Biological aging may be attributed to several causes, including telomere shortening, oxidative stress, side reactions, glycation, mutations, and intra and extracellular aggregation of proteins. Most multicellular organisms age due to the increment of these damages and other deleterious changes over time. These damages lead to the development of pathological conditions and, as a consequence, to death.

These changes are often known to be irreversible. Living organisms, including humans, evolved fully differentiated, irreplaceable cells (e.g., neurons) and structures (e.g., skeleton). Hence, deterioration or loss of cells and structures should lead to these organisms’ inevitable aging, although some cells may escape this process. 

One study conducted in vivo concludes that partial reprogramming erases cellular markers of aging in mouse and human cells. A new form of gene therapy produced a remarkable rejuvenating effect in mice. Six weeks after treatment, the animal subjects looked younger, had straighter spines and improved cardiovascular health, healed quicker when injured, and observed to have an increased lifespan of 30%.

The resolution of this question holds promise for dramatically extending lifespan.

Read the original publication of this study here: [ Aging and rejuvenation – a modular epigenome model ] 

This study aimed to discuss the different views of aging considered an epigenetic mechanism, the epigenetic clock’s role in the process, and rejuvenation as an interventive approachable to set back epigenetic age.

blue rendering of chromosome on blackground | Study Suggests Epigenetic Rejuvenation Holds the Key to Restrict Organismal Aging | relevant picture

Aging and rejuvenation – a modular epigenome model

Biological age refers to the functional and structural status of an organism at a given age. 

According to an Aging-US report, aging is long considered an irreversible process, of which interventions focused mainly on slowing the aging process.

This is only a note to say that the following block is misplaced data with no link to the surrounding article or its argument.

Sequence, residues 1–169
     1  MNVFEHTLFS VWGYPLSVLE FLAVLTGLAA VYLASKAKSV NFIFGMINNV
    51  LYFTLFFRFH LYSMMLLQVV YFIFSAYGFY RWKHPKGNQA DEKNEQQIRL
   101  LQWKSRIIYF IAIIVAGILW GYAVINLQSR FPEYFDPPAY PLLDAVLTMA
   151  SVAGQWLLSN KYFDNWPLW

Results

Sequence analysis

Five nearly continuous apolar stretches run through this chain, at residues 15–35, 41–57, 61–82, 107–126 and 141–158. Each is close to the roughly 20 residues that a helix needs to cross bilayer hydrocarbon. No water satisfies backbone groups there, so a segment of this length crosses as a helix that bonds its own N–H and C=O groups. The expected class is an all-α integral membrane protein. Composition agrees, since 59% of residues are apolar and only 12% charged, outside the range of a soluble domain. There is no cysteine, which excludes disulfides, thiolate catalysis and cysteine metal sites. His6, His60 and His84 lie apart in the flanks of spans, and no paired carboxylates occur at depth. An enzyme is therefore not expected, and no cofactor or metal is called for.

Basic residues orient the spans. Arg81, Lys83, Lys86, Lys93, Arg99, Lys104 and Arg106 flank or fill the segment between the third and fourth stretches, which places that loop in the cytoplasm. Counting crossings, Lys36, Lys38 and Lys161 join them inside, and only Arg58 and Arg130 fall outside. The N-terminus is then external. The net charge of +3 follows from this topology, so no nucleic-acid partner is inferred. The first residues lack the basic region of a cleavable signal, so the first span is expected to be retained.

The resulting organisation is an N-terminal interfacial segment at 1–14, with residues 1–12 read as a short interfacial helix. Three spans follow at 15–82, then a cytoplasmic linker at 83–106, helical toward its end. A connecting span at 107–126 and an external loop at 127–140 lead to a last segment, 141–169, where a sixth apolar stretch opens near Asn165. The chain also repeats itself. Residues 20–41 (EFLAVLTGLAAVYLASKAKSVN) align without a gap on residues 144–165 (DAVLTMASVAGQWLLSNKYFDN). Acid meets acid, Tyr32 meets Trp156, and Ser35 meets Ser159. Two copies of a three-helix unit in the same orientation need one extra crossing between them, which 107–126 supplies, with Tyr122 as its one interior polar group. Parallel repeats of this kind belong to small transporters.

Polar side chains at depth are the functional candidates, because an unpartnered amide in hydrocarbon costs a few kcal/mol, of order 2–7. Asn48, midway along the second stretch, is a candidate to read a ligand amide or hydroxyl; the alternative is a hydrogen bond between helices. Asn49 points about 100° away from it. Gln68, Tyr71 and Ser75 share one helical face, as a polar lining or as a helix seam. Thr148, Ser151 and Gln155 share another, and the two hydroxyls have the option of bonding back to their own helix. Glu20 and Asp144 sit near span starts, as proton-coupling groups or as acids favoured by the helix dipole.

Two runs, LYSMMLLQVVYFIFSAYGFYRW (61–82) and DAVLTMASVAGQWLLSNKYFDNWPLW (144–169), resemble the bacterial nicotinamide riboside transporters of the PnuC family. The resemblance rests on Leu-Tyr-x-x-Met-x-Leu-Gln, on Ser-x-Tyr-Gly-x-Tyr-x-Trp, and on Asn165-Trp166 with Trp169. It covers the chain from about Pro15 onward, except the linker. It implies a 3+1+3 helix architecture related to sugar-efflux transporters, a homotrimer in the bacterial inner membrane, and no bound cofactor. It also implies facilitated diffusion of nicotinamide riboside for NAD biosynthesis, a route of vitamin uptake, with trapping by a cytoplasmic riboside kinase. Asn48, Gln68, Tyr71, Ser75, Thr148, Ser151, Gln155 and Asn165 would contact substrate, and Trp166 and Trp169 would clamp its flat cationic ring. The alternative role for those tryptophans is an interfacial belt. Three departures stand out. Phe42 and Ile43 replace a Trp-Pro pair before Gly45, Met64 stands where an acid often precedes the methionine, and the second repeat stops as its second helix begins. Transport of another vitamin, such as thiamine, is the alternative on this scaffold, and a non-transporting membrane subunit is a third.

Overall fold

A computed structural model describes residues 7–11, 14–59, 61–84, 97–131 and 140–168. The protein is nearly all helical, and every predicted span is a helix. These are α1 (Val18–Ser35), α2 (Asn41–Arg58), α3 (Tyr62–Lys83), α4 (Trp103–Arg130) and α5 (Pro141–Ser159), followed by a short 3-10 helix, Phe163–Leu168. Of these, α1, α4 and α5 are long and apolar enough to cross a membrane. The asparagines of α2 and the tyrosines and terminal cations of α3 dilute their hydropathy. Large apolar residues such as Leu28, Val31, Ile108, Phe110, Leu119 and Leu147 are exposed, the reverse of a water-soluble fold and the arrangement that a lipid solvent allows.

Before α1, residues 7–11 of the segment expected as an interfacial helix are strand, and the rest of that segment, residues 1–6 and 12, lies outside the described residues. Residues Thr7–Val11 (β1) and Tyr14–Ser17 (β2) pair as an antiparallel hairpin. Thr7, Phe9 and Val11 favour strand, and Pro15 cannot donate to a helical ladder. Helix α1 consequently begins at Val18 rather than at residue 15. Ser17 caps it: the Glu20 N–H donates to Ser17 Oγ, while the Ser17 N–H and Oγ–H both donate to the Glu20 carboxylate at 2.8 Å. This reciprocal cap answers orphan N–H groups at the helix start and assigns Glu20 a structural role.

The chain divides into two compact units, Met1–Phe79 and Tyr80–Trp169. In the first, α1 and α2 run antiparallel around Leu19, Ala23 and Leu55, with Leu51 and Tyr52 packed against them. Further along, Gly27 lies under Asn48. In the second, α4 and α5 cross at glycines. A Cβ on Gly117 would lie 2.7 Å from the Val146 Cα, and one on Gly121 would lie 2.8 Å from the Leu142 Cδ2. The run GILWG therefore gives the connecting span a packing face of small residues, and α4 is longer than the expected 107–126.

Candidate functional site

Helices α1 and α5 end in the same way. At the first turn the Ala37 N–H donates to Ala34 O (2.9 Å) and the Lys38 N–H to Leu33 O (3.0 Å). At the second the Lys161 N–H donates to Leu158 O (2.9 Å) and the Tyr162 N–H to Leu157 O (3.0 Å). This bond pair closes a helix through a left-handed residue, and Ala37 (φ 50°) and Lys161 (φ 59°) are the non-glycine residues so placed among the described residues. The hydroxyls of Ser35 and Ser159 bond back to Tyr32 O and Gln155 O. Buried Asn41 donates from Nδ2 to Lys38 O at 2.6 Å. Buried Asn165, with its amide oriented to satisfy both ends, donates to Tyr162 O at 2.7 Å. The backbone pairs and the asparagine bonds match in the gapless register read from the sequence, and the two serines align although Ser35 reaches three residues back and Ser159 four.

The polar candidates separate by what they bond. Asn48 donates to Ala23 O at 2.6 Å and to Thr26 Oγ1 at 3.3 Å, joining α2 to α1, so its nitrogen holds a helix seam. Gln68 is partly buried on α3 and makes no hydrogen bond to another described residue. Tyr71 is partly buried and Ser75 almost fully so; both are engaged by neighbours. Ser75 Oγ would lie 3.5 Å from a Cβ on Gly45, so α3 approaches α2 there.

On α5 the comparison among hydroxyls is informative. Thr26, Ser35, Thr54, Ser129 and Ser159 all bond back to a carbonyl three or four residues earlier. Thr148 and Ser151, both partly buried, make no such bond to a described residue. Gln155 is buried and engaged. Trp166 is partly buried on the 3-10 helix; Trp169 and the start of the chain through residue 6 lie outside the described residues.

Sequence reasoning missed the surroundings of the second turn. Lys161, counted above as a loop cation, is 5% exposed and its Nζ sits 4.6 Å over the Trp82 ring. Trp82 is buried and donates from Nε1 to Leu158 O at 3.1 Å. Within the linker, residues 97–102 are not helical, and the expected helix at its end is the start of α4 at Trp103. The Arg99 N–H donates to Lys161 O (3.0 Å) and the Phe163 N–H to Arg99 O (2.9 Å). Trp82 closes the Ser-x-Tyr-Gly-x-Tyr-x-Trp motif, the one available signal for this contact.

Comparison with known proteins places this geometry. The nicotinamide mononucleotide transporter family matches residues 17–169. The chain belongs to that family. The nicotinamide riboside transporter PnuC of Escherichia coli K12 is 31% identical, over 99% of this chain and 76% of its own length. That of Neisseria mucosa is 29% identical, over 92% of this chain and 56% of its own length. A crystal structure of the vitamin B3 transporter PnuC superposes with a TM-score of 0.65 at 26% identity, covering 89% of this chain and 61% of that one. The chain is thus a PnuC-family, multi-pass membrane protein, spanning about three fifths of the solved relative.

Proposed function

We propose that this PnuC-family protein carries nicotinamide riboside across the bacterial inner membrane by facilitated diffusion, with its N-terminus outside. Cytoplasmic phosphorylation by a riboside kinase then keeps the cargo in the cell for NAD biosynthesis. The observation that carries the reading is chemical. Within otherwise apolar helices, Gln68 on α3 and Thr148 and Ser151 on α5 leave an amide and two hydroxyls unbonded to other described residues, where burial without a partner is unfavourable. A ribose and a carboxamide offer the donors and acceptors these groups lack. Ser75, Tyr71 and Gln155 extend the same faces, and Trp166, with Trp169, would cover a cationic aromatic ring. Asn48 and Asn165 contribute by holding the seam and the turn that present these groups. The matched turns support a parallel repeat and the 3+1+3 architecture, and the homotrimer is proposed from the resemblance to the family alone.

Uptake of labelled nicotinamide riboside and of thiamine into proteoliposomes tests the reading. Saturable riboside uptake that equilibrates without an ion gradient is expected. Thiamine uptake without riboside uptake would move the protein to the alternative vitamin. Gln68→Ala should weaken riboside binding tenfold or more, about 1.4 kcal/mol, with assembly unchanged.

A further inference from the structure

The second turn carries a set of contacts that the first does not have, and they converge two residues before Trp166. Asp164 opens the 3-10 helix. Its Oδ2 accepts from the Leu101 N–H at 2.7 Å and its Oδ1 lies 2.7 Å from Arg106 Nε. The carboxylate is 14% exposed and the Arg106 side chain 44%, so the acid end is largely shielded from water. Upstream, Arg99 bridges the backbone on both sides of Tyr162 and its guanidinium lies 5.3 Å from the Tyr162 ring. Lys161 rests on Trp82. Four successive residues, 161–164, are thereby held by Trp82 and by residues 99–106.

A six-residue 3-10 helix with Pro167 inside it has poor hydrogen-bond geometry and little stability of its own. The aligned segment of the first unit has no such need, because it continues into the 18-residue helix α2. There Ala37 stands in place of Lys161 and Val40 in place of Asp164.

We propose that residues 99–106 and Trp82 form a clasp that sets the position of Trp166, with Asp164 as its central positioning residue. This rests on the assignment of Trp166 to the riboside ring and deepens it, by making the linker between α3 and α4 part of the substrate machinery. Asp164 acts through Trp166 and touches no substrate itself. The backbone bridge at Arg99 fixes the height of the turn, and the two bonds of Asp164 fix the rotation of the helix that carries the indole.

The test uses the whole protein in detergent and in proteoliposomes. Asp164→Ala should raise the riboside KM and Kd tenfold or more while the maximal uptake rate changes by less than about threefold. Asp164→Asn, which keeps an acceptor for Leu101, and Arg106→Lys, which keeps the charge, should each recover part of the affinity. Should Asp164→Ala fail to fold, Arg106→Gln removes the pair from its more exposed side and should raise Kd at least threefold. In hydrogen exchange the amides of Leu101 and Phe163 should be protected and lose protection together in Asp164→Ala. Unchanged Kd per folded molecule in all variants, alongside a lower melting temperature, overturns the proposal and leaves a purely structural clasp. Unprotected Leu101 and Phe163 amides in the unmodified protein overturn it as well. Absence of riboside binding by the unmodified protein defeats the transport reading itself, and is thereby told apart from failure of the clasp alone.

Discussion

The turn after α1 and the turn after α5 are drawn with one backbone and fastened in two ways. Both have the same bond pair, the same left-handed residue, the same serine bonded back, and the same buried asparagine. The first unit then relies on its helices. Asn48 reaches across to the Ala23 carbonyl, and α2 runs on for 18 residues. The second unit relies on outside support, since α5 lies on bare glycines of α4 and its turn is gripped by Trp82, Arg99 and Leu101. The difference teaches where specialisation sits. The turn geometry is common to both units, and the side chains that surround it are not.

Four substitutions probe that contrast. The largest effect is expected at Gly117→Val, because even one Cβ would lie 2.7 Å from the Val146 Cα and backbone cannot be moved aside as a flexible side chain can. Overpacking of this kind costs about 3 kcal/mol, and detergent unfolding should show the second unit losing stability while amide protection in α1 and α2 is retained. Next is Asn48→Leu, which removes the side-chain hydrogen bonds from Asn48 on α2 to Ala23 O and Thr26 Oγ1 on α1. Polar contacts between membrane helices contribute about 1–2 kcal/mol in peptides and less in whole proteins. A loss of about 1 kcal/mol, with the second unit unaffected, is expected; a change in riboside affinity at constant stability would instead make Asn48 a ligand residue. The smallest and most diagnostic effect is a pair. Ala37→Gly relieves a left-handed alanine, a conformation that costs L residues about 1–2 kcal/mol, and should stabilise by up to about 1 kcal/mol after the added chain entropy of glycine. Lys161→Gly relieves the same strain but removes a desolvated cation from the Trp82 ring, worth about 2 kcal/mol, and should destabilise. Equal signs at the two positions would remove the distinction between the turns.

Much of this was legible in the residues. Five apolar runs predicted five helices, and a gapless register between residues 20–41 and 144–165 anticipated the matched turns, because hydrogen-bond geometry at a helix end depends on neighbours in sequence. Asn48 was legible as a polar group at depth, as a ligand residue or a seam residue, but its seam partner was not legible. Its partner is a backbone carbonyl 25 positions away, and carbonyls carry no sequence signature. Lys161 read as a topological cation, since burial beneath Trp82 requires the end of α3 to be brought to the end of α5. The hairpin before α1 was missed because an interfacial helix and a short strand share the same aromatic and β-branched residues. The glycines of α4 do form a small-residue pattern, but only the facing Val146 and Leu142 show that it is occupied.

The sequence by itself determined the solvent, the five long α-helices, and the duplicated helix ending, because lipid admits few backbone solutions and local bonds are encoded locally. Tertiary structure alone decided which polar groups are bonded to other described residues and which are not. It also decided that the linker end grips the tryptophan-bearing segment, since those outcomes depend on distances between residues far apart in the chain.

Meanwhile, breakthrough discoveries like cell reprogramming and animal cloning have revolutionized the understanding of postnatal development, giving rise to the emerging view that the driver of aging is the epigenome.

The discovery significantly supported the idea that the epigenome is the driver of aging that DNA methylation (DNAm) at specific CpG sites could be used as a highly accurate biomarker of age defined by the Horvath clock algorithm, which gives a measurement of biological age that can be used in a plethora of cell types.

Epigenetic rejuvenation strategy reveals to what extent biological age can be set back by making the clock tick backward. Reprogramming strategies may be achieved in vitro and in vivo, offering opportunities for rejuvenation in the context of whole organisms. 

This study presented initial evidence suggesting that when the clock is forced to tick backward in vivo, it can only drag the phenotype to a partially rejuvenated condition. 

Nevertheless, it would be premature to draw firm conclusions from the modest experimental results so far documented. The clear thing is that epigenetic rejuvenation by cyclic partial reprogramming or alternative non-reprogramming methods holds the key to understanding the epigenome’s mechanism that drives the aging process and arresting or even reversing organismal aging.


You can read the original publication of this study here: [ Aging and rejuvenation – a modular epigenome model ] 

  1. Reversibility of irreversible aging
  2. In Vivo Amelioration of Age-Associated Hallmarks by Partial Reprogramming
  3. Which Is the Most Significant Cause of Aging?